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Near Protocol deep dive: hiding in plain sight

Harry Hamburg
Harry Hamburg
32 min read
Near Protocol deep dive: hiding in plain sight

Every now and then you come across a product that genuinely improves your life.

The first thing that springs to mind when I think of this is Bluetooth headphones.

I lived in London for most of the last decade, and I used to either cycle or run everywhere, usually while listening to an audiobook.

The wires from my headphones were annoying, and they’d often get pulled out or caught on something. But you just accepted it. That’s the way it’s always been ever since Sony brought out the first Walkman in the late 70s.

It’s the price you paid for having music, audiobooks and podcasts on the go. Well, that and the increased likelihood of getting run over.

Then around 2015, Bluetooth ear buds became a thing, and I couldn’t believe how much these £18 gadgets changed my life.

(This was about a year before Apple AirPods came out, so only cheaper brands were doing them at the time, and you could get a decent pair for less than £20.)

You didn’t have to fiddle about with the cable anymore. Plus, you could leave them in your ears when you got changed or took a shower (which you do a lot if you run or cycle everywhere). And you could leave them in when you put your phone down on a desk and walk off, which is great if you want to listen to an audiobook while you’re cooking or something.

For the first time ever, you were no longer tethered to a headphone cable. It was like magic.

But Bluetooth ear buds never arrived with much fanfare. It felt like more of a groundswell thing.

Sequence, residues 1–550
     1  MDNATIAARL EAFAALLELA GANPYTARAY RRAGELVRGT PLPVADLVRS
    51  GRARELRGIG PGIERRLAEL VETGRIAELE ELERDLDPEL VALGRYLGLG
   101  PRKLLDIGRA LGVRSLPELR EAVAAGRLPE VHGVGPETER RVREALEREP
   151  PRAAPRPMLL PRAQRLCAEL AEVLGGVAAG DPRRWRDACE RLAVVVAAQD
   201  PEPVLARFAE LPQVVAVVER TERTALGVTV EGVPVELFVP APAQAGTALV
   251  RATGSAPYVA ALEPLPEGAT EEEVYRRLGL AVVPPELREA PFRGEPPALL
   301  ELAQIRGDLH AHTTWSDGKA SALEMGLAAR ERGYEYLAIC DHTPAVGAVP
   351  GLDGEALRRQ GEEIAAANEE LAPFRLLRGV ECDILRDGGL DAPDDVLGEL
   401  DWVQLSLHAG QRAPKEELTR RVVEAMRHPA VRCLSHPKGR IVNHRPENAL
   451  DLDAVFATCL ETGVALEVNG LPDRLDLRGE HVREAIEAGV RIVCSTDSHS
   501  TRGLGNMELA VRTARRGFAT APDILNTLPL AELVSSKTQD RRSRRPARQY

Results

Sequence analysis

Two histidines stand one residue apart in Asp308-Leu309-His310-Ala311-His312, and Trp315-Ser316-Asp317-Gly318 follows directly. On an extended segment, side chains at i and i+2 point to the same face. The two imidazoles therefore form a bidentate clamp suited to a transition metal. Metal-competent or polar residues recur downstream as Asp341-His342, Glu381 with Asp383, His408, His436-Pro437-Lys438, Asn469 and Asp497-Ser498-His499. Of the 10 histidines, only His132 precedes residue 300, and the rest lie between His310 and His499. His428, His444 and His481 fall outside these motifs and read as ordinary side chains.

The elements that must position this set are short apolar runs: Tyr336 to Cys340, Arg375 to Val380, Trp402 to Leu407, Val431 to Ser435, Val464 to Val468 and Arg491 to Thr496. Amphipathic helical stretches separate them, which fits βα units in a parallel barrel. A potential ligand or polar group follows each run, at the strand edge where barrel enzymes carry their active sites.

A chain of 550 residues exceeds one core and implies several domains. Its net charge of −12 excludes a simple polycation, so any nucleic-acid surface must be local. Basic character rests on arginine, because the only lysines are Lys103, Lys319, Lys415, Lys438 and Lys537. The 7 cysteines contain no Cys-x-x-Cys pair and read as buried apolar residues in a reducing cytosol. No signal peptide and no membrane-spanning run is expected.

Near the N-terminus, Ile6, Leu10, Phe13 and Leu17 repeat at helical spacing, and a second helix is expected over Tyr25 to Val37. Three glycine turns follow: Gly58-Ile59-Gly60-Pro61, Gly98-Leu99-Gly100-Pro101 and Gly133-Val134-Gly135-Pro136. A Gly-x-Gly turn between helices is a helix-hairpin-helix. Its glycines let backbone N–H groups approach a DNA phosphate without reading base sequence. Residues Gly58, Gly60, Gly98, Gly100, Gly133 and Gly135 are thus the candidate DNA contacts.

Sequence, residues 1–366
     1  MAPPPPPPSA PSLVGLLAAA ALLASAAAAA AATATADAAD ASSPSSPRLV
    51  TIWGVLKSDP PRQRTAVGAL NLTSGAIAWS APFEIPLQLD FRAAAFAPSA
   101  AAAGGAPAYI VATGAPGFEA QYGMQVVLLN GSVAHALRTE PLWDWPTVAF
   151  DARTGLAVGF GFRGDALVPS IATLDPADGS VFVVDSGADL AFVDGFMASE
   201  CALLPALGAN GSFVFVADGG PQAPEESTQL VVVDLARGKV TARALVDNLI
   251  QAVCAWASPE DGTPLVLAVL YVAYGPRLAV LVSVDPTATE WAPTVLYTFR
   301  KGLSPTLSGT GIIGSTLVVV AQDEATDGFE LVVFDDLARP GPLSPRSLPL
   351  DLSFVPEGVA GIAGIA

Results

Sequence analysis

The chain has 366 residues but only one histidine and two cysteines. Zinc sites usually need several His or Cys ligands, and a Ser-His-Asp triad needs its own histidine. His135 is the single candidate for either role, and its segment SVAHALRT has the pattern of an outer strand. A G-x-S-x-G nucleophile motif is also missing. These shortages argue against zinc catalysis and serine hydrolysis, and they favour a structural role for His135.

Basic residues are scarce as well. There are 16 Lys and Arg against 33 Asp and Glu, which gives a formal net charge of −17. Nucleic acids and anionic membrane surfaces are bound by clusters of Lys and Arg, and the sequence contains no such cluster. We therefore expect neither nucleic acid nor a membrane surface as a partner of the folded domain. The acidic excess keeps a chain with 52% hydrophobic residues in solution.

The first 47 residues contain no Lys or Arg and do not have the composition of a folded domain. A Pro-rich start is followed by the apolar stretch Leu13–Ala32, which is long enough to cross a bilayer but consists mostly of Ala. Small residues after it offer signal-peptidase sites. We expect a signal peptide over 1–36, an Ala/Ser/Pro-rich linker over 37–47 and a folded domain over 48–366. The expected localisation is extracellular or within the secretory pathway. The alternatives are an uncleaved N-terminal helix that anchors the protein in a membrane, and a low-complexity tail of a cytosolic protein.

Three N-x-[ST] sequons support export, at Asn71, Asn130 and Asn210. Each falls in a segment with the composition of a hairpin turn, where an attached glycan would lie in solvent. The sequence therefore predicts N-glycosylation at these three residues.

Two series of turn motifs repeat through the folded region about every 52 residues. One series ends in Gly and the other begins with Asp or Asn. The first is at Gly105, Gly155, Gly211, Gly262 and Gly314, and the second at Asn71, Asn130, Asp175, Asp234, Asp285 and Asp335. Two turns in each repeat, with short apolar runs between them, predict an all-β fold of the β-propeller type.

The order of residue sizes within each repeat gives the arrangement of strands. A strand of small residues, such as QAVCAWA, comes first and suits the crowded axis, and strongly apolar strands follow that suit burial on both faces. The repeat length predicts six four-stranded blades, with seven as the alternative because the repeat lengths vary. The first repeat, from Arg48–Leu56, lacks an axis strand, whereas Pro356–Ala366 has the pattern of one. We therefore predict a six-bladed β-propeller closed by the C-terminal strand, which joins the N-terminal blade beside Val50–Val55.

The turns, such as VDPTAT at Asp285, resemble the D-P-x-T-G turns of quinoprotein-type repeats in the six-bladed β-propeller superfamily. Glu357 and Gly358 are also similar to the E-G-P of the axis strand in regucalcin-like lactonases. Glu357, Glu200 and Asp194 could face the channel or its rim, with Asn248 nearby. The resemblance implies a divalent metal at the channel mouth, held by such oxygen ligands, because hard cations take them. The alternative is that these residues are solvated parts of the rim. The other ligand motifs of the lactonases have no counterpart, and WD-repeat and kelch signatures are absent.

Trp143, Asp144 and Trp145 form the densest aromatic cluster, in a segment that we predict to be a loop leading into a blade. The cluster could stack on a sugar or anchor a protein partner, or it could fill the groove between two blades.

It wasn’t until Apple released its AirPods in late 2016 that the zeitgeist caught on to just how useful they could be.

I know this all sounds trivial, especially if you don’t listen to a lot of podcasts or audiobooks. But small things like this really do increase your enjoyment of life.

Back in the day, Aristotle said, “The wise man seeks not pleasure, but freedom from care and pain.”

Basically, we achieve happiness not by adding positives to our lives but by removing the negatives.

And removing those headphone wires removed a small but significant negative that you had to deal with multiple times a day, every day of your life.

Now, why am I writing about how much I love Bluetooth headphones in a crypto deep dive?

Because I feel like this month’s deep dive project – Near Protocol – could have a similar trajectory.

Like Bluetooth headphones, it combines a few cutting-edge ideas into one product. And by doing so, it removes nearly all of the negatives that drag most major crypto projects down at some point.

It’s also been quietly plugging away, doing its thing, while the cryptosphere lurches from one hypecoin to the next.

If we look at the history of crypto over the last couple of years…

First it was Cardano, then Solana.

Then for a while the middleweights grabbed the hype – Fantom, Avalanche, Algorand.

Next Terra Luna started offering 20% APY and blew everything else out of the water… before blowing itself up in a spectacular death spiral.

Meanwhile, memecoins like Doge Coin and Shiba Inu were battling it out with scam coins like SafeMoon to see who could syphon the most money out of crypto newbies’ bank accounts.

At the same time, various Ethereum scaling solutions like Loopring, Harmony One, Polygon, Arbitrum and Optimism were taking turns at being branded the new hotness and then fading into obscurity.

Through all this, Near Protocol was there working away, building its foundations, never really quite catching the limelight.

But as those other projects continue to lose their shine, Near Protocol just keeps getting brighter and brighter.

So I think it’s about time we did a deep dive and see what it’s made of.

(Note: from now on I’m just going to refer to this project as Near, rather than Near Protocol to avoid needless repetition.)

Market cap category

Here’s how I define cryptos by their market cap ranking.

  • Blue chip: 1-10
  • Large cap: 10-50
  • Mid cap: 50-100
  • Small cap: 100-200
  • Micro cap: 200+

As I’m sure you know, all cryptos are highly volatile, but the smaller the market cap, the more volatile they can be.

And the smaller the market cap, the more inherently risky a crypto is. It takes much less money to manipulate its price or to attack its network.